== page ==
Design: The label name lettering is hand-drawn, and optically adjusted to fill the space created as the main strokes radiate outward from the spindle hole (also probably why a horseshoe shape was used for the cap A, instead of the usual triangular frame). Judging from the design, Ultraphon was a stable-mate of the Supraphon label.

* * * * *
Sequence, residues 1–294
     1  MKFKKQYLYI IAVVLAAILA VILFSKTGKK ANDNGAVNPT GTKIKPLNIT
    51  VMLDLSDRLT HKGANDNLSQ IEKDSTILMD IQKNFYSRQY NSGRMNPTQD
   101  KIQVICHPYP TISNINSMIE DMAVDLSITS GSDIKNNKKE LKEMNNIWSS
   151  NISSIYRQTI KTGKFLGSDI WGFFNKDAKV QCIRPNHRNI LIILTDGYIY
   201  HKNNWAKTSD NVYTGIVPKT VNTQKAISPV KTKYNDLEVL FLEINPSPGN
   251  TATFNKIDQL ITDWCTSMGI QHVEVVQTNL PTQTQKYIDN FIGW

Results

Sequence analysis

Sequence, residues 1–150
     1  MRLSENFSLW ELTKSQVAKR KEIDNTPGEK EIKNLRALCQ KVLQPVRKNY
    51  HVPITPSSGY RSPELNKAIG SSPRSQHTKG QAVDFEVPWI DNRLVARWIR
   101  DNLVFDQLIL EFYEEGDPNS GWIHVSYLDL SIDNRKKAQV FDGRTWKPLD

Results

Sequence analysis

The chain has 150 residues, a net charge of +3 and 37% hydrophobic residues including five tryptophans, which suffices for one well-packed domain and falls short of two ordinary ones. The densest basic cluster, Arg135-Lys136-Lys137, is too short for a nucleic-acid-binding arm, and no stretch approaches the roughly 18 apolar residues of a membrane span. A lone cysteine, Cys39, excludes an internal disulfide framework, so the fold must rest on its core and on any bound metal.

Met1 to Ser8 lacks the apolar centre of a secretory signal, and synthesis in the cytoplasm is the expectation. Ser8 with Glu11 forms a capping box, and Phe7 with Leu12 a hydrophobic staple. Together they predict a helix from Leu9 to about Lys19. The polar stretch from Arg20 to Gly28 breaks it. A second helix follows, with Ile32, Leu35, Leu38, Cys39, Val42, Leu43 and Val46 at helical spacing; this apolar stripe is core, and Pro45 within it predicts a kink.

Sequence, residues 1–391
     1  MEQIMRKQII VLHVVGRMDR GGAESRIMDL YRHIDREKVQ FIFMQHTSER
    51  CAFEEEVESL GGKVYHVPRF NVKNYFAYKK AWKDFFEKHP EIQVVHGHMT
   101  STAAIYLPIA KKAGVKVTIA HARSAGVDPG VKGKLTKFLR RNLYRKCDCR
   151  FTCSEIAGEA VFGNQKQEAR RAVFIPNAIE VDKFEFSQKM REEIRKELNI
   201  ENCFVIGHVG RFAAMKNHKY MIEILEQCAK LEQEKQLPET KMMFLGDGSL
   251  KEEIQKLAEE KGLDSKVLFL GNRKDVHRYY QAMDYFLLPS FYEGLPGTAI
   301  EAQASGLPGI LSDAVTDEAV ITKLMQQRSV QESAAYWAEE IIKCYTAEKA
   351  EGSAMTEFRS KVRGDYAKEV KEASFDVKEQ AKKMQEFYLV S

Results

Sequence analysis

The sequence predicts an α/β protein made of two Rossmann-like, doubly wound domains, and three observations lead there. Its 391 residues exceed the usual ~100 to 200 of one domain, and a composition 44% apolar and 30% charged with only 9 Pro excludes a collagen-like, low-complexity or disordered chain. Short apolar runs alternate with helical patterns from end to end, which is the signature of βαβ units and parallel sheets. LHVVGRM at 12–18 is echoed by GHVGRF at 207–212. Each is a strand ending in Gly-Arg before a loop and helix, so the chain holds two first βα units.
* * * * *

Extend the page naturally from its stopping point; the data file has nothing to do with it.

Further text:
History: Label scan courtesy of collector Dimitar Malchev of Bulgaria. Musicologist and collector Bill Dean-Myatt of the U.K. writes: "Ultraphon was a German company that was owned by Küchenmeister of Holland. In 1929 its Czechoslovakian operations were taken over by a Czech company, Ravitas, but in 1945 the label was nationalized and disappeared from the market [although according to Czech collector 'Johnny,' who has the last Ultraphon issue, the label existed between 1930 and 1948]. There were separate French and German companies." Thanks also to collector Gabriel Gössel of Czechoslovakia, who supplied the images below. Georg Richter of Germany writes: "The German Ultraphon label went into bankruptcy; in 1932 the Telefunken company acquired its recording technology, artist contracts and masters for (a very cheap) 50,000 Reichsmarks, to launch their own label. The brown colour label (below left), issued in 1932, was used for language courses and pressings for the Austrian market. This particular recording is not a language course, but a musical tune from an operetta. Recorded in Prague, the vocals are sung in German by Austrian movie actors."